On the board the high-speed train to Lhasa

A 3,000-metre-high railway journey

With its 150,000 kilometres of railway lines, China has the second most extensive train network in the world after the USA. But that’s not all. As well as getting involved with slightly far-fetched rail projects in South America, the country leads the way in high-speed travel more generally, with 40 kilometres of such lines, according to the Chinese government, with the aim of reaching 70 000 kilometres by 2035. And within this vast network you’ll find one rather unique line: the high-speed link between Lhasa and Nyingchi, also known as Linzhi, which opened on June 25 2021 and almost all of which is located 3,000 metre above sea level.

Picture this. You’re on the platform at Nyingchi, a city in the autonomous region of Tibet (one of five such regions in the People’s Republic of China). In front of you, an unusual train is preparing to leave for Lhasa, perched around 3,650 metres in the air. This is one of two high-speed trains managed by China Railway, the country’s national railway line, which have been running to this mythical city since 2021. Although they only travel at 160 kilometres/hour, compared with 350 kilometres/hour for many other high-speed services in China, they will allow you to reach the capital Tibet in less than three hours and a half, compared with the five hours it took beforehand.

While the difference may not seem all that significant, China is relying on such changes to revitalise the tourism industry and economy of this part of the country. According to Global Times, one of the official state media outlets, the line will be able to carry up to 10 million tonnes of freight per year. It also aims to provide better connections with the autonomous region of Tibet whose position within China (which was created in 1965) is still a subject of great controversy – we won’t go into that here. The Lhasa-Nyingchi is due to stretch all the way to Chengdu, the capital of the Sichuan province, which would mean it is extended from 435 kilometres to 1,629 kilometres. Its budget, meanwhile, would soar from 5.6 billion dollars to nearly 37 billion dollars.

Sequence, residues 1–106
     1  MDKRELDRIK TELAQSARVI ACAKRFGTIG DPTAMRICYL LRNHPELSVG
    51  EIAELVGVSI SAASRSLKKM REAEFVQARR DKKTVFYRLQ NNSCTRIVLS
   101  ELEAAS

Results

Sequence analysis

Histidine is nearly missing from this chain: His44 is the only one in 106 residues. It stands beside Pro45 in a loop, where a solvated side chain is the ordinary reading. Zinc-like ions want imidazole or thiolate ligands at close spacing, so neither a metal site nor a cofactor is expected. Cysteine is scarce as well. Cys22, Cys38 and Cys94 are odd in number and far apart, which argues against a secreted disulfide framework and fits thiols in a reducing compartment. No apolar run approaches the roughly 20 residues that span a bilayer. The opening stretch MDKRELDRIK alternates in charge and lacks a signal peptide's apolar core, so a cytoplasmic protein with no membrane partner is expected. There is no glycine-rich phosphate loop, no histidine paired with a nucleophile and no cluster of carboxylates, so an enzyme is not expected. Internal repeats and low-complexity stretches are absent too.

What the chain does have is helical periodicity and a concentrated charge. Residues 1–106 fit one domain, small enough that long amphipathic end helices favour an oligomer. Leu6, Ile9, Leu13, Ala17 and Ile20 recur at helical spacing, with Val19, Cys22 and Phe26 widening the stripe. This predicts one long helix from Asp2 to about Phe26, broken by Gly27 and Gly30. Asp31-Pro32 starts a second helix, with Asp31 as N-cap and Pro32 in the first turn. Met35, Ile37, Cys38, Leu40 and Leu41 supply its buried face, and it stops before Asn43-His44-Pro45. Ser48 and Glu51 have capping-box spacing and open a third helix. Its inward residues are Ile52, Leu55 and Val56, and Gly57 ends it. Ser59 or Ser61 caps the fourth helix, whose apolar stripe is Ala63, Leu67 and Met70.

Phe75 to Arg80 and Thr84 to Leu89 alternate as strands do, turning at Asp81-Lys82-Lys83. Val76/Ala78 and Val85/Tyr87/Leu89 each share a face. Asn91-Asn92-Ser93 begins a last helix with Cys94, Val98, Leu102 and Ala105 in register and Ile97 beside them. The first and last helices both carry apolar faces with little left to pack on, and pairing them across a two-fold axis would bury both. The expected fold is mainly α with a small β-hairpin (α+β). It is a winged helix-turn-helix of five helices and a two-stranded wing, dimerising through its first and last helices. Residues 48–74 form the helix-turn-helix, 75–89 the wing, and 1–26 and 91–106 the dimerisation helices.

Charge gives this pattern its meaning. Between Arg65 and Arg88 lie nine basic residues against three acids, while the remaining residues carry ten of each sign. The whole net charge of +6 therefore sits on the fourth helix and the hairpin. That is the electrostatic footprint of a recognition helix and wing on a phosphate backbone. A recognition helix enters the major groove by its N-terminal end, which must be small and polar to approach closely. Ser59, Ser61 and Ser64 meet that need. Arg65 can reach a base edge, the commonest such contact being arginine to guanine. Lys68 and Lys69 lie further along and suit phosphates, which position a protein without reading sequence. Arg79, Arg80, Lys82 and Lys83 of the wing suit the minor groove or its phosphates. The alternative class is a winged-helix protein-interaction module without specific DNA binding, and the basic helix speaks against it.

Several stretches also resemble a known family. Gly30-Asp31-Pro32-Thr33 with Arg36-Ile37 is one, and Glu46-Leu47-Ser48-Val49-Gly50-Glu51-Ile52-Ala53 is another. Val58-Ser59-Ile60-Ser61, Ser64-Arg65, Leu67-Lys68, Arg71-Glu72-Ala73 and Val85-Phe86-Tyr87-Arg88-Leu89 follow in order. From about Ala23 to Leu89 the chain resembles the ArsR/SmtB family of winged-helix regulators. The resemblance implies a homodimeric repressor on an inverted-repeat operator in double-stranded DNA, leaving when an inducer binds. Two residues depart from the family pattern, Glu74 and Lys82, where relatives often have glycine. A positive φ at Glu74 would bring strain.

But those aren’t even the most impressive stats. Some 90 percent of the route between Nyingchi and Lhasa is more than 3,000 metres above sea level, and even more wild is the fact that it reaches 5,100 metres at its highest point. That means travellers can take in majestic views over the surrounding valleys, rivers, waterfalls, mountain peaks and snowy landscapes that look like they’ve never been touched by humankind.Though the line is relatively short, it has no less than 47 tunnels and 121 bridges. One could even make our friend Gustave Eiffel a little jealous: the Zangmu Railway Bridge, an 525-metre-long arched bridge. Overall, around 75 percent of the Lhasa-Nyingchi route passes either through a tunnel or over a bridge, which allows it to circumvent ravines and mountains which reach up to 8,000 metres into the air.

At such heights, and in such conditions, there’s a risk you could suffer from a lack of oxygen. So the Chinese engineers installed a special system in the trains that allows the oxygen levels to stay at around 23.6 percent, compared with 21 percent in normal air. And that’s not all. The train travels so high up that it was necessary to kit out its windows with UV filters due to the sheer brightness of the reflection of the sun in the snow.And so there you have it: pretty much everything you need to know before climbing aboard this one-of-a-kind train. Over three and a half hours, and having passed through nine stations along the way, you’ll be quite literally on top of the world, in one of the world’s most mysterious places. The joys of rail travel, eh?

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